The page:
How E. coli chats
They can’t use smartphones or Wi-Fi, but bacteria have evolved some seriously complex strategies to communicate with one another. And the resulting interactions are a delicate balance of cooperation and, in some cases, competition. Biologists have uncovered a new way that bacteria lay siege to neighbouring cells by hijacking two factors involved in protein synthesis.
These intraspecies exchanges take place within contact-dependent growth inhibition systems, which regulate cellular activities via cell-to-cell contact and are found in a wide variety of gram-negative bacteria, including important human pathogens such as Escherichia coli.
UC Santa Barbara biologists examined how E. coli EC869, which causes diarrhoea or haemorrhagic colitis in humans, destroys its neighbours by transferring toxins that inhibit their cell growth. Previous work by other UCSB researchers had shown that a different variation of E. coli required a ‘permissive factor’ for toxin activation. Did EC869 also needed to bind protein in the target cell to activate its toxin the researchers wondered.
The answer is yes, with a twist.
Many toxins inhibit translation, the essential process by which the sequence of messenger RNA (mRNA) is converted into protein. Some toxins accomplish this by breaking transfer RNAs (tRNAs), molecules that help decode mRNA sequences.
The UCSB team discovered that the EC869 toxin binds to the most abundant protein in bacteria, elongation factor Tu (EF-Tu). EF-Tu’s role in protein synthesis is to bind to tRNA molecules. The binding action not only activates toxins but also helps zero in on the true target: tRNA molecules. And not just any tRNA: EC869 cleaves only two specific tRNA molecules out of 46 types present in the cell.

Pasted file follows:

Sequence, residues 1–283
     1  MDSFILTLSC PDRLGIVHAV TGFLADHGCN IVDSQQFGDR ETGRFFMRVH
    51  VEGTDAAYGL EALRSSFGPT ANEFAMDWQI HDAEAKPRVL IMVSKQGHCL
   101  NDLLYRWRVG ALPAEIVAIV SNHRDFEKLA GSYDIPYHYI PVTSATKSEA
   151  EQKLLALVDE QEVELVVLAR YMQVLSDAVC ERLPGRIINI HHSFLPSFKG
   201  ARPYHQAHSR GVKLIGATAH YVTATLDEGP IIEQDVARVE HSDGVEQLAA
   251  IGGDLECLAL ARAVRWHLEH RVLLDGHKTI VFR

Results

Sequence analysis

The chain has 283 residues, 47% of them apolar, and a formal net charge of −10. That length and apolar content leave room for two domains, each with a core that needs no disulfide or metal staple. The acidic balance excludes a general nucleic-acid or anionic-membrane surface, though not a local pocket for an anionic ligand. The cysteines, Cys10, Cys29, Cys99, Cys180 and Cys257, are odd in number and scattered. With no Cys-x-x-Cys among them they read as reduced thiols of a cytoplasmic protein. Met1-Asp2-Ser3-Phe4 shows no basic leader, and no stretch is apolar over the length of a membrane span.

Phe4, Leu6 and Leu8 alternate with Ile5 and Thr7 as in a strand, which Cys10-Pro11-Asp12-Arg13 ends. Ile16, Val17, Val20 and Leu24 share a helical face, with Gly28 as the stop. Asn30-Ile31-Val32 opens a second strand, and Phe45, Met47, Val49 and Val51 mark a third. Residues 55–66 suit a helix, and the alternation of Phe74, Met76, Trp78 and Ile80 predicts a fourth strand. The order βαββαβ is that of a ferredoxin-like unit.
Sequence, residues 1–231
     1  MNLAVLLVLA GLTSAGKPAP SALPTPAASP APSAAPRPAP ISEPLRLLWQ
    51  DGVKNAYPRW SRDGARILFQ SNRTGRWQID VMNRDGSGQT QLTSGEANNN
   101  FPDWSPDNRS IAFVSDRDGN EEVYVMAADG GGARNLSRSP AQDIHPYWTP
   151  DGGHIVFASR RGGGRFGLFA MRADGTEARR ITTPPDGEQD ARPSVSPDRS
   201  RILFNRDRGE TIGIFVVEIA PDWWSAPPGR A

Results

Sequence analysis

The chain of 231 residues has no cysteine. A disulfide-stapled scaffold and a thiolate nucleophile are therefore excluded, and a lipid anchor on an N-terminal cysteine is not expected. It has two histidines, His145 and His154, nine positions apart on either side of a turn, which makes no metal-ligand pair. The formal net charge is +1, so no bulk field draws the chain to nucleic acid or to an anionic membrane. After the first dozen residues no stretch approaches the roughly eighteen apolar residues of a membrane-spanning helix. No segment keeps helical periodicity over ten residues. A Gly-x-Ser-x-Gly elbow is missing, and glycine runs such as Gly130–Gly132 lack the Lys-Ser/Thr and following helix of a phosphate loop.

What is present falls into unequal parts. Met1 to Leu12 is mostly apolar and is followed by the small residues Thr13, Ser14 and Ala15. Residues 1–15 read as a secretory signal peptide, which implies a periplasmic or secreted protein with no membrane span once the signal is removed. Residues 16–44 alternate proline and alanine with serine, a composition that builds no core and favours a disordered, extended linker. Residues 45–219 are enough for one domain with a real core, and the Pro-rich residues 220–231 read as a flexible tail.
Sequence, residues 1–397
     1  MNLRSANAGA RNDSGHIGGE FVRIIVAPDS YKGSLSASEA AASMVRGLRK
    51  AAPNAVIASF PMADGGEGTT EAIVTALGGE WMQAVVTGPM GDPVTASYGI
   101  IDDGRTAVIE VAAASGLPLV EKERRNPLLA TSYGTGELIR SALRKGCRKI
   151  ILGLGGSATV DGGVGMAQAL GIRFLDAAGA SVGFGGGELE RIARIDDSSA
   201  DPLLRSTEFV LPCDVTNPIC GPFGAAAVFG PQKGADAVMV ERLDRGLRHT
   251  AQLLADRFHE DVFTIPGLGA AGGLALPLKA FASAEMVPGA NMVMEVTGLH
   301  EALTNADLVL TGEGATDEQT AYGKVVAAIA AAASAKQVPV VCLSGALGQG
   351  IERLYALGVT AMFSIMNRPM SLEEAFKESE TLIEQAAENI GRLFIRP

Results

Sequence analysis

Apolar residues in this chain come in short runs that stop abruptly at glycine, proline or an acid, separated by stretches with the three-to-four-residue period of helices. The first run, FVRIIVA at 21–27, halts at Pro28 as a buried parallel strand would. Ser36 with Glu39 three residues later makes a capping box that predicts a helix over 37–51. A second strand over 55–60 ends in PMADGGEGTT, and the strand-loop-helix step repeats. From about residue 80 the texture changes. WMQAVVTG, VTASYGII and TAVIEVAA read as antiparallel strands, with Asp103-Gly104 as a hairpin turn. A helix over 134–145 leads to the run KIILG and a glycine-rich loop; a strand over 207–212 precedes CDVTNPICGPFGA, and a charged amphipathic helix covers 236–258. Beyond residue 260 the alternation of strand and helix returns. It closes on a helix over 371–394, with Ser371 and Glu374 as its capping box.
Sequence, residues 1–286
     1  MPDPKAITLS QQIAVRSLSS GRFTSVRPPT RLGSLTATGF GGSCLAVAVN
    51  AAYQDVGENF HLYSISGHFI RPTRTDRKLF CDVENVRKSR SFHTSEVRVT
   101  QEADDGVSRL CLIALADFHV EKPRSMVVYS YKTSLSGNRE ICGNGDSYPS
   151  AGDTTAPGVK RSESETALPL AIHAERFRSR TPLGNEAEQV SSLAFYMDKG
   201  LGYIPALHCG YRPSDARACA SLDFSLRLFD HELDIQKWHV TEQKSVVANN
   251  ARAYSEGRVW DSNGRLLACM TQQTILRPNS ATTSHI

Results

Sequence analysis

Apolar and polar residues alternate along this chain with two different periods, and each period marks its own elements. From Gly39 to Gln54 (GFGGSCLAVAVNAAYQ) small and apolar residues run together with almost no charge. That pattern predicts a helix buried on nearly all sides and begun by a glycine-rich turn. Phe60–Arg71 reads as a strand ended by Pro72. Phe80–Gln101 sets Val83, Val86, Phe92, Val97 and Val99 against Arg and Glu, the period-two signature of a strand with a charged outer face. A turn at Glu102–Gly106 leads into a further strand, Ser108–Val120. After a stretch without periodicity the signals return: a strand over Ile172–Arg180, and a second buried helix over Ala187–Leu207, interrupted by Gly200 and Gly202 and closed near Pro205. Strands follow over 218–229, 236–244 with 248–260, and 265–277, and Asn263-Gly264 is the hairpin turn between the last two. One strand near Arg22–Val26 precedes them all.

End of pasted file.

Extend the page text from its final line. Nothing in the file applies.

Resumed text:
This class of toxins only cuts specific tRNA molecules and the researchers hypothesise that the toxins sit bound to EF-Tu as different tRNA molecules are loaded and unloaded until the specific target arrives. Once the right tRNA is loaded, it is cleaved, destabilised and released.
It will be interesting to see if the interaction of this toxin with members of the protein synthesis apparatus plays a role in intercellular communication.
A recent study has revealed how gut bacteria impact the normally feel-good chemical serotonin to...
A study reveals that Neolithic Britons drank milk and even processed it into cheese, suggesting...
Meat-free alternative products are increasingly popular with consumers, but new research has...